There is no doubt that the on-going pandemic has left a trail of economic problems including major supply constraints, the growing problem of long Covid and other issues that are challenging policy makers. They have been exacerbated by the behaviour of OPEC+ and the Ukraine situation. We now have a period of inflation, real wage cuts and most central banks doing their best to make matters worse. However, we now have a phenomenon that goes like this. In the UK, everything ‘bad’ that arises is apparently because of Brexit even if the trends were there before the move or the problems are being shared across all countries. I imagine even if the English cricket team loses it is because of Brexit. This phenomenon has generalised however. Now, we have the claim that all bad economic news is because governments ‘followed’ MMT or something akin to it. Those who are insecure about MMT because it does better at explaining the real world than the mainstream theories are the same as the Remainers who predicted that the British economy would crash badly in 2017 and then every year after that. To soothe their worried souls they consider any ‘bad’ news to be because of ‘MMT’ or in the case of Britain because of Brexit. Neither proposition has any foundation.

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Australia’s latest fiscal statement from the government – a gutless document really

I don’t really want to write this post today given the hysteria that has appeared in the media over the last week. But it is an important event so I better. Working in Kyoto for the last month has given me a sort of sense of dislocation from the day to day macroeconomic debate in Australia. I still read all the information and study the data but being somewhat distant from it – and not watching any current affairs or listening to the radio – provides for calm. Anyway, last night (October 25, 2022), the new Federal Treasurer released the annual ‘fiscal statement’ (aka ‘The Budget’), after telling the nation since he was elected that the sky was about to fall in because the previous government had left a ‘trillion dollars worth of debt’. The new Labor government is so intent on looking ‘responsible’ and the exemplars of ‘sound finance’ that the population has been subjected to a daily briefing from the Treasurer and the Finance Minister that amounts to little more than nauseating lies. And last night’s fiscal statement? A joke really. It neither does what the Treasurer claims nor does it deal with the numerous policy challenges that face the nation in any significant way. The fiscal statement essentially fails to meet the challenges that are before us and will worsen over the next few years. A gutless document really.

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A circular system of nonsense – conventional media reporting on the monetary system

There were two headlines on Australia’s national broadcaster, the ABC’s news site this morning that tell us that there has been little progress made in helping people better understand the way the monetary system operates and the capacities of the currency-issuing government within it. Both articles merely rehearsed the standard mainstream fictions, which makes them dangerous, in that they perpetuate the system that has held the world back from addressing its major challenges. By creating false ‘challenges’ and false ‘probabilities of crisis’, these stories delay action that is necessary to deal with the real problems of climate change, inequality, degradation of public infrastructure and services, the health crisis, etc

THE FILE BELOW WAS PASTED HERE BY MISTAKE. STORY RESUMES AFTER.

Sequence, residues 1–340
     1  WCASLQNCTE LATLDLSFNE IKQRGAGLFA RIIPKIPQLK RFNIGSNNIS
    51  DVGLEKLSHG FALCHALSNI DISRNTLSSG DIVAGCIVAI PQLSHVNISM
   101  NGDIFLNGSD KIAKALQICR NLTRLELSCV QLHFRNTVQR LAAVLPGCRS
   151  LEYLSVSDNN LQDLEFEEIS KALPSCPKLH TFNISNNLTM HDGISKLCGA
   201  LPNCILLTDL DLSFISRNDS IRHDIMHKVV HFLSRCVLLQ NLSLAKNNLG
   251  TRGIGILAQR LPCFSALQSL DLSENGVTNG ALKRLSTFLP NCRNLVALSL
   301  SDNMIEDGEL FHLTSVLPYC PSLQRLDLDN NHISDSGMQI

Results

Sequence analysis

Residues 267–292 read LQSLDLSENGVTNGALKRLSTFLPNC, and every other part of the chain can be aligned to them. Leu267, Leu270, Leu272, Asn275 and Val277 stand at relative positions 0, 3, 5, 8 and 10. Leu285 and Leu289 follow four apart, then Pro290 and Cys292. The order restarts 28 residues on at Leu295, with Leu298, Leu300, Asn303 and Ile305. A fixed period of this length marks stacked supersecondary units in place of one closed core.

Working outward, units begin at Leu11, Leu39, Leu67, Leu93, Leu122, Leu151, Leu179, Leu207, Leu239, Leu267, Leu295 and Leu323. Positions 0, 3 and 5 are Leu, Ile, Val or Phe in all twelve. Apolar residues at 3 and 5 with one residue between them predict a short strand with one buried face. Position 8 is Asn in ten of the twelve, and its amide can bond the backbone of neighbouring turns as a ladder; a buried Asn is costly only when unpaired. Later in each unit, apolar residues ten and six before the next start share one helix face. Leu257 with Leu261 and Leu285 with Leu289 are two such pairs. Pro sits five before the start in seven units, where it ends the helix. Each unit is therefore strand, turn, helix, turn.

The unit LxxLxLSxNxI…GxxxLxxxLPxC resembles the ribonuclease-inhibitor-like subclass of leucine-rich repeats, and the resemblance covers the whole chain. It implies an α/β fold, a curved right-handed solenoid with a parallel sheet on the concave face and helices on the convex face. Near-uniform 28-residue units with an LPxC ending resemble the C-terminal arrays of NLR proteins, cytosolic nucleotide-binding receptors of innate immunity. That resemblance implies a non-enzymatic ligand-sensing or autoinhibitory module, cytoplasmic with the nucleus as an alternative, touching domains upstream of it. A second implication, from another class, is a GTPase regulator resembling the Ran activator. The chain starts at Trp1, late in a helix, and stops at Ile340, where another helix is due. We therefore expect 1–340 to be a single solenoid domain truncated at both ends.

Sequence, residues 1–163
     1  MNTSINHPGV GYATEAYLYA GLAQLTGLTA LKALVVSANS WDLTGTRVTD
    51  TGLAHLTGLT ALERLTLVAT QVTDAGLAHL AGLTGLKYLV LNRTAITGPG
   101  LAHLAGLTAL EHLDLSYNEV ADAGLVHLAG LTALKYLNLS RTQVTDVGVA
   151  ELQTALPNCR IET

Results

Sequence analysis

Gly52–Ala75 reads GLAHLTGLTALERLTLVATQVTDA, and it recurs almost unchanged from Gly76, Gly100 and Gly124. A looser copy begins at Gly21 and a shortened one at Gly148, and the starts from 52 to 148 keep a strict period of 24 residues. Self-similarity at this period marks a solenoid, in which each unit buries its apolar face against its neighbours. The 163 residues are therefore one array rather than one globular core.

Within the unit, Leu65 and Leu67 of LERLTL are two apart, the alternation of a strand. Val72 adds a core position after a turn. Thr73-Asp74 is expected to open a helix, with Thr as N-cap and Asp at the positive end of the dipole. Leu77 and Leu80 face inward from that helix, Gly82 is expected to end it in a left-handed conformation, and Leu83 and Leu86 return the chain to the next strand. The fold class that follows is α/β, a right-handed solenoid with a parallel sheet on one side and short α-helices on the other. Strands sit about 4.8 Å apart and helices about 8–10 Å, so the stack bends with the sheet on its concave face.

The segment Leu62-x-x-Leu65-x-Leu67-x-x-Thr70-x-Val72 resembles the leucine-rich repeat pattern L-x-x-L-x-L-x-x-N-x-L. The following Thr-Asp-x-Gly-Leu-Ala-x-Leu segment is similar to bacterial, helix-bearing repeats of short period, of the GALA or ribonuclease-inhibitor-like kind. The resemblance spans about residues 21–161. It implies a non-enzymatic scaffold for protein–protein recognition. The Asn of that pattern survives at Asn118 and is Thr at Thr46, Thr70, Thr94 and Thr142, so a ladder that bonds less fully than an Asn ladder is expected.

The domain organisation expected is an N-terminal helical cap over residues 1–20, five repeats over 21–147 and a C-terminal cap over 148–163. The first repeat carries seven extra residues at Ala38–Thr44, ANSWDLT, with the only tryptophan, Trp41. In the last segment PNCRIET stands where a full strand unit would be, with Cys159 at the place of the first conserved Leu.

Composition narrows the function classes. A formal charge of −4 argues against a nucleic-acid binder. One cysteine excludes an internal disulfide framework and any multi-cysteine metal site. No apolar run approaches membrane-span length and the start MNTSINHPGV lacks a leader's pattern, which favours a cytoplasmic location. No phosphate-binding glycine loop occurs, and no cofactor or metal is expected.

The other problem is that these ‘analysis’ columns pretend to be balanced with is a ruse to bestow legitimacy or authority on themselves. ‘Experts’, who are wheeled out to ratify the fiction, are just part of the Groupthink. It is a circular system of nonsense. Very disappointing.

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British currency gyrations are about weak government not fiscal deficits

The British government has descended into high farce. It is rather embarassing to watch adults behave in the way they have conducted themselves in the last longtime. I also note that the usual suspects are out in force claiming (spuriously) that the economic turmoil that has beset Britain demonstrates categorically that Modern Monetary Theory (MMT) is deeply flawed and the real world is now teaching us that we should be discarded into the dustbin of history – or rather disgrace. These characters, which include so-called progressives think that hard core fiscal rules, like the British Labour Party took into the last election would have saved the day for Britain. I guess they are now mates with the IMF, who in their latest fiscal monitor – Fiscal Monitor – overnight (published October 12, 2022) – called for fiscal restraint. Also, central bankers who met in Washington over the last few days decided they had become the elected and accountable government making gratuitous threats that if fiscal policy wasn’t turned to austerity, they would punish citizens with further interest rate hikes. It is actually hard to find anything of sense in the current economic debate. It is despairing really.

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Two diametrically-opposed approaches to dealing with inflation – stupidity versus the Japanese way

Well things are going to get messier with the decision yesterday by the OPEC+ cartel to significantly reduce the oil supply and push up prices. On the one hand, when OPEC was first formed and pushed prices up, while there was significant disruption to oil-dependent nations, the substitution that followed (home oil heating abandoned, larger cars replaced by smaller cars, etc) was ultimately beneficial. So given that we need less cars on roads and less kms travelled by cars, one might consider the move to be fine. But given the way the central banks and treasury departments around the world are behaving at present, the short term impacts of the OPEC+ decision will be very damaging. How citizens endure whatever extra inflationary pressures that might emerge will depend on the fiscal and monetary policy responses. We have two diametrically opposed models: the one that most nations are following (hikes and austerity) versus the Japanese approach. I explain the difference below and predict that the latter will deliver much better outcomes for the people.